Banded shorebirds on the loose

In the great expansive outdoors, it is nearly undeniable that all things are connected in some way. Ecosystems overlap and changes in one will have affect upon others. This is made more possible by the components of ecosystems that move around a lot, like birds, large mammals and insects. Other very fluid parts of systems are streams and air. They transport bits and pieces over great distances. Within this realm of connectivity, one can imagine distant patterns of activity having repercussions locally. One can imagine, on the geologic scale, a mountain range reducing to the sands that blanket our coastal plain and continental shelf. One can also see the importance of a highland river to the health of a shore ecosystem, as it carries nutrients that continually replenish the food source of millions of plants and animals in far off places.
The New River in these highlands is one such provider, sending its bounty to the waters of the Gulf of Mexico. There the shore birds feed upon the resulting plethora of food.

Below is a recent post from Bill Dunson, focused primarily on banded shorebirds and their migratory movements. Immediately upon reading this I wondered if any shorebirds make it to the Blue Ridge during migration? the headwaters that drive nutrient flow to the shores. Upon inquiring to a few bird "experts", the answer is yes! Shore birds in the Mountains, rare as it may be, happens. Keep your eyes open! Here are a few that have been verified:

"shorebirds that I see at least once per year are sanderlings, woodcock, Wilson's snipe, spotted sandpiper, least sandpiper, pectoral sandpiper, solitary sandpiper, and yellowlegs. I have also seen semipalmated sandpiper and short-billed dowitcher. Other species are much more irregular."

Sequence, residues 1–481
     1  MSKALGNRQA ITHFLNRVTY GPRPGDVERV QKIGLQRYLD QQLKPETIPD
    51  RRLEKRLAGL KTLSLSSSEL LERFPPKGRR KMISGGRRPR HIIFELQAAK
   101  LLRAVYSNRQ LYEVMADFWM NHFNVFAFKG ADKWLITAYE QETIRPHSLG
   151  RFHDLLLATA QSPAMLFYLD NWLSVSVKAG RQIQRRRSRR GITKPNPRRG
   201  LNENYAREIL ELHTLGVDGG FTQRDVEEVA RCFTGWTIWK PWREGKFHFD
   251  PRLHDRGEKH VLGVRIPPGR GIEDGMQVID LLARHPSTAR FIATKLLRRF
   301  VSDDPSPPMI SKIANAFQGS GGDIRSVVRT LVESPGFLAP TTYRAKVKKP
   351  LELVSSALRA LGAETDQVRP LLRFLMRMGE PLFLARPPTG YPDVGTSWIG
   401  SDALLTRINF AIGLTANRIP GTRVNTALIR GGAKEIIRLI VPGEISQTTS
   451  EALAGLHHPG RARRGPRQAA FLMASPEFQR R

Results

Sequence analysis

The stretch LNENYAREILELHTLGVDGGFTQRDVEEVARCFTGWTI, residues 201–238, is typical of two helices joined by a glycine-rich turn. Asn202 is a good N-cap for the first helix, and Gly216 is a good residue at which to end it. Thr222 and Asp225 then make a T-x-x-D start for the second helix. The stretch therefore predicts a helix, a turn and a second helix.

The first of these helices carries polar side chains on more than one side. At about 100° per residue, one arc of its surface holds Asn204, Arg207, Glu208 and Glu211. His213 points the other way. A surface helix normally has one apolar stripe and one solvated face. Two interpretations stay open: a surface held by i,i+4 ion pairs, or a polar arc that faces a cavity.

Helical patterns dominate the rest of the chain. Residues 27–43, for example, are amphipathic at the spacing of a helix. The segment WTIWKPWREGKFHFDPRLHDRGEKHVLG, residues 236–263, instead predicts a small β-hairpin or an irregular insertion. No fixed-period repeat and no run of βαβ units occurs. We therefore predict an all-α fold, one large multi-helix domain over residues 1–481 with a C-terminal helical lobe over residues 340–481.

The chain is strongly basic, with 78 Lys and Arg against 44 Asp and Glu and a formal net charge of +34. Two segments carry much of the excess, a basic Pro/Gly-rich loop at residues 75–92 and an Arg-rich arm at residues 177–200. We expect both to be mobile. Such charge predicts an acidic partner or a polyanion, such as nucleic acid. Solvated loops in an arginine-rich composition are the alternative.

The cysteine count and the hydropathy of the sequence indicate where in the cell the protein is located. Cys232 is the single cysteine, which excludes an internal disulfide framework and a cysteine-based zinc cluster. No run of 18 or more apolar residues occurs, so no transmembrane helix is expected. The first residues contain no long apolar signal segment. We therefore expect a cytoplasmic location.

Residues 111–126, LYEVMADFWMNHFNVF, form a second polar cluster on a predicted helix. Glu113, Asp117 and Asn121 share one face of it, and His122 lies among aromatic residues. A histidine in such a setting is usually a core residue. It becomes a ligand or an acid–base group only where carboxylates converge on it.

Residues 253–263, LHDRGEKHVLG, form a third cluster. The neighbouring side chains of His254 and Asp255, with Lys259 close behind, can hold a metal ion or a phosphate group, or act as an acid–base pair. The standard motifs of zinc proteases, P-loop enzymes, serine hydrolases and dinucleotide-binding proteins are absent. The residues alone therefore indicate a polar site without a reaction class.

From Bill:

You might be interested to know that there is a huge effort to band and track shorebirds underway in the Gulf of Mexico and some of these birds may come your way at some point. I was at Don Pedro Island State Park yesterday on the SW coast of FL and was pleased to see a flock of about 85 red knots feeding in the surf.
I did not have binoculars since I was "beaching" with the grandkids but did have my trusty 18x camera. I took some random photos and was surprised to find that 5 of the birds were banded in an unusual way. There is the usual silver metallic USFWS band on the ankle,but also a colored strip with letters and a number. So for example in the photo attached the code seems to be upper right leg/light green/JN4.
I found a website which solicits reports on such banded birds:
The website allows you to report your findings and check on previous reports of the individual sighted. This particular group of red knots has been working its way up and down this coast between Clearwater and Sanibel Island since banding. But they will be heading north I suppose to Delaware Bay in the Spring.
So look closer when you see some shorebirds and maybe you will be able to help solve some of nature's mysteries, the migratory movements of our wonderful shorebirds.

Bill Dunson
Englewood, FL & Galax, VA